15 MIN.

1030 15th St. NW

408-1855

Hours: 11 a.m. to 1:30 a.m. Monday through Thursday; 11 a.m. to 3 a.m. Friday; 9 p.m. to 3 a.m. Saturday; 9 p.m. to 1:30 a.m. Sunday.

Prices: Appetizers $3.25 to $6.95, salads and pizzas $4.50 to $10.50 at lunch; light fare $4.95 to $6.95 at dinner.

Cards: American Express.

No separate nonsmoking area.

Feeling blue about how tough it is to find decent pizza in this town? Here's some good news: A downtown punk nightclub with the mysterious name "15 Min." is drawing midday crowds for its first-class pizza. It has a chewy crust and comes with high-fashion toppings such as roasted peppers, squid and shiitake mushrooms.

The pizza, unfortunately, is available only at lunch, when it shares the menu with one Thai entree, some eclectic "starters" and several salads. Starting in midafternoon, pizza et al. disappear, replaced by a menu of Thai hors d'oeuvres.

Around 9 p.m. the food becomes almost irrelevant, as 15 Min. turns into a late-night spot for drinking and very loud music. By 10 p.m. the atmosphere was enough to make us youthful old fogies feel a little out of place.

But lunch at 15 Min. is definitely worth a visit -- for the food as well as the, well, novel decor. Picture all-black walls, punk waiters, carpeting that looks like it came from a bowling alley, plastic cutouts of martini glasses and green olives over the bar, and an enormous butterfly crafted from a rooftop TV antenna and suspended from the ceiling.

You need only examine the diverse crowd packing 15 Min. at lunch to know you're someplace special. Rockers mix with business-suited office workers and power couples in full costume. Service can be a bit disjointed, but it's friendly.

Among the pizzas, we particularly enjoyed "Three Mushrooms" ($8.50) and "Roasted Peppers" ($8.25). Each was big enough for two if supplemented with a salad.

The mushroom pizza was topped with a layer of fontina and mozzarella cheeses embedded with a generous portion of chanterelle, shiitake and oyster mushrooms. There was just a hint of tomato sauce on the crust.

The red pepper model, which came without tomato, offered a flavorful mix of mozzarella and raclette cheeses, garlic and perfectly roasted slices of green, yellow and red peppers. Its crust was a bit soggy in the middle but fantastic at the edges.

The lunchtime menu also offers soup, artichoke dip served with pita chips, barbecued shrimp and guacamole. Also available are above-average (in price as well as quality) salads and desserts.

For starters, the seafood gumbo with rice was fiery, thick and flavorful, though on the small side at $4.50 a cup ($5.95 a bowl).

The gazpacho ($3.25 a cup) and guacamole ($3.95) both came with tortilla chips and had lively seasonings and good flavor. The "tossed greens" -- a house salad -- seemed overpriced at $4.25 but featured watercress, lettuce and tiny mushrooms doused with a raspberry vinaigrette.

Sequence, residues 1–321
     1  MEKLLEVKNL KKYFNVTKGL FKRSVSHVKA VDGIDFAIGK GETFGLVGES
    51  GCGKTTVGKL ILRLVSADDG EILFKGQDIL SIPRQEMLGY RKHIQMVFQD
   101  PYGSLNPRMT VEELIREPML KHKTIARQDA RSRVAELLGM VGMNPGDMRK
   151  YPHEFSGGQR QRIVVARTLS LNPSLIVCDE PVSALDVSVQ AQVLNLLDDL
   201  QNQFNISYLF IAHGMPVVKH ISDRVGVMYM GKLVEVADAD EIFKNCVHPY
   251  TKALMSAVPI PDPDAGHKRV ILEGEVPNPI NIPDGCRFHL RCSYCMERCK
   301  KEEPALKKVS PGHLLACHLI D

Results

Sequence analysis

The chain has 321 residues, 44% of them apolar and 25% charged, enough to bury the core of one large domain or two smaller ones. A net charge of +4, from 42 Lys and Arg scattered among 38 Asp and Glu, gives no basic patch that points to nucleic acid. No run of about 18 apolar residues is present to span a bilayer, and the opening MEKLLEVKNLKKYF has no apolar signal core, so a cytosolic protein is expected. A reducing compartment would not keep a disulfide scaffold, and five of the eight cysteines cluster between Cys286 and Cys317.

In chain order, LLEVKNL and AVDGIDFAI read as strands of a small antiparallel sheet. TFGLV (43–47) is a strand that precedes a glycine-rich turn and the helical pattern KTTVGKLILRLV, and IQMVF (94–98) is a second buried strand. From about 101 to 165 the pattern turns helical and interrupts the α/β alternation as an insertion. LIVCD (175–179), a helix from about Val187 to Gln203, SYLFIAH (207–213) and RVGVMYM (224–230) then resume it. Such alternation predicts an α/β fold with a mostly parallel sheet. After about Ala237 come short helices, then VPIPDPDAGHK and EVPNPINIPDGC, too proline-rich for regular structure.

The beefsteak tomato salad also was on the steep side at $5.75 but would be the envy of any steakhouse. Chunks of pungent Gorgonzola cheese adorned thick slices of ripe tomato and Bermuda onion in a good vinaigrette flecked with bits of sun-dried tomato.

The duck in the braised duck salad ($8.50) looked as if it had been grilled. A generous serving came on a bed of watercress, endive and radicchio with a mild, sweet sauce served on the side. The sauce, which tasted of pureed prunes, complemented the duck but could have used a little pepper and vinegar for zest. The fancy bitter greens, meanwhile, cried out for vinaigrette.

Thai chicken salad and rice noodles ($5.95) turned out to be slivers of chicken coated with a hot and spicy sauce, accompanied by unadorned noodles and a raw mango salsa spiked with cilantro.

To chase this low-cal entree, consider one of 15 Min.'s heavy-duty, big-ticket desserts: a chocolate brownie topped with vanilla ice cream, hot fudge and whipped cream is $4.50; fresh berries with vanilla ice cream is an eye-opening $7.25.

Despite the uptown prices and fare, 15 Min. is not necessarily the kind of place to take an important client. The floor could use some Spic 'n Span, and the bathrooms could use some soap and towels.

When we dropped by one Friday night, none of this seemed to matter to the crowd of happy drinkers. Black lights glowed in the smoke-filled dining area, one wall was devoted to offbeat videos, and the deejay kept the loud, conversation-dashing tunes coming.

Around 10 p.m. a doorman began collecting a cover charge for a live band that was assembling in a side room.

Contributing to the surrealistic atmosphere is a large, work-a-day cafeteria next door that operates independently during the day but becomes part of the bar at night. People wander into one of three spaces in the cafeteria, where there are pockets of relative quiet and plenty of room for hanging out.

The night we were there, one side room had a sign over the door identifying it as a "coffee house." It functioned as a reminder that 15 Min. has a sense of humor about itself -- in case you hadn't noticed.